It wouldn't be likely to see any negative effect on your calcium or alkalinity. Its worth noting though, phosphate prevents precipitation (for example the formation of coral skeletons), so by removing phosphates your corals can grow easier which would mean they consume more calcium and alkalinity.
GFO comes in two types:
- Granular GFO is varied in its shapes and requires the least amount of flow to tumble. Good for reactors.
- High Capacity GFO is twice as dense as Granular GFO, so twice as much material will fit into a reactor. It's extremely hard and has less dust to begin with. Fewer fines will be created during use and transportation. By volume High Capacity GFO will remove roughly twice the phosphate compared to Granular GFO. Best overall performance.
Special note on fighting existing algae problems: Algae needs three main nutrients to grow: phosphate, nitrate and light. Reducing any one of these will significantly slow down algae growth but many not completely solve your issue. Once algae takes hold, it can be a difficult battle but it is winnable. The best offense against algae is to take preventative measures and attack before an outbreak is apparent. Use the following suggestions and be aggressive if an algae problem is already present:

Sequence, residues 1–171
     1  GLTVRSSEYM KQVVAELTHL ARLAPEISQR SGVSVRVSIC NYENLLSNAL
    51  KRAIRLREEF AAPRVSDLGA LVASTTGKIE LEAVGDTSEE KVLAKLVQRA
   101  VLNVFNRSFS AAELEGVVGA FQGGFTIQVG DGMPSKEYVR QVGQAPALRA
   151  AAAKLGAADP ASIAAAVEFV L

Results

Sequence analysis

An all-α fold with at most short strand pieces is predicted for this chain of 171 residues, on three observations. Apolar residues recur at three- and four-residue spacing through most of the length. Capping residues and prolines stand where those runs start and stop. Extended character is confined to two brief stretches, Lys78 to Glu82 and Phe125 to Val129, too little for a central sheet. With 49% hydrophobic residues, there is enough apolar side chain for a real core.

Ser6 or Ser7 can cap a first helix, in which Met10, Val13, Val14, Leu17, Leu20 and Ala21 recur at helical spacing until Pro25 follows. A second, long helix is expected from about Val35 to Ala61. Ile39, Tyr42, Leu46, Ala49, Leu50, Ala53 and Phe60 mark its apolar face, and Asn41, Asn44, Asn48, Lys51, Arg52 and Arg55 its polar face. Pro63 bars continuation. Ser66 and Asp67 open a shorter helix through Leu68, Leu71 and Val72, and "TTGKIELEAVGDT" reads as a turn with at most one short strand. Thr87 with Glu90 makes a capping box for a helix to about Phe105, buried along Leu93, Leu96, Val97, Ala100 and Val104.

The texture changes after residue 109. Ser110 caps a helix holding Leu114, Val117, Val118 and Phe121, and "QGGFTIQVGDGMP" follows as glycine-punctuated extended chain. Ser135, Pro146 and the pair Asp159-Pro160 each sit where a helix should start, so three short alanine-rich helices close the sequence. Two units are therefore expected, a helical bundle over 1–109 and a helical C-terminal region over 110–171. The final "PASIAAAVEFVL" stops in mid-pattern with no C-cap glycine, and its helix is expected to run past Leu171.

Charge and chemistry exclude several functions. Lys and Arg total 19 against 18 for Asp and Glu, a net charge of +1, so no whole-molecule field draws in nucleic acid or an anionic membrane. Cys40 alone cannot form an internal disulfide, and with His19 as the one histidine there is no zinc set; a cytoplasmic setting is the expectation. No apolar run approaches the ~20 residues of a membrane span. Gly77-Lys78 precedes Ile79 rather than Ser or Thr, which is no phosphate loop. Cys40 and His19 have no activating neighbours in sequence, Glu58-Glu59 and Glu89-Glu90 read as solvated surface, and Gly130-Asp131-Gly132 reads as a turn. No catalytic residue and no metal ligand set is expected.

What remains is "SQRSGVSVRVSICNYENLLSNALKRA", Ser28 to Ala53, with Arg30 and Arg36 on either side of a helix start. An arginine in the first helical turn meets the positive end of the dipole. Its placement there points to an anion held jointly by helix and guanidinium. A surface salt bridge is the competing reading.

- Maintain undetectable phosphate levels with good feeding habits and use of a phosphate remover like GFO. 99% of all phosphate is added via foods added to the tank.
- Control nitrate levels by reducing feedings, increasing the water change schedule and maintaining a properly sized protein skimmer.
- Use nutrient free RO/DI water for water changes and top off water
- Shorten your lighting period or intensity. In some cases aquarists have found replacing old bulbs that have fallen out of their intended spectrum helps as well
- Continuously remove as much algae as possible by hand.
- Add predators nothing helps an algae outbreak as much as critters who eat it all day long. Various tangs, lawn mower blennies, crabs and snails are all good options. It is also theorized that a healthy pod population will also control algae growth before it gets a chance to take root.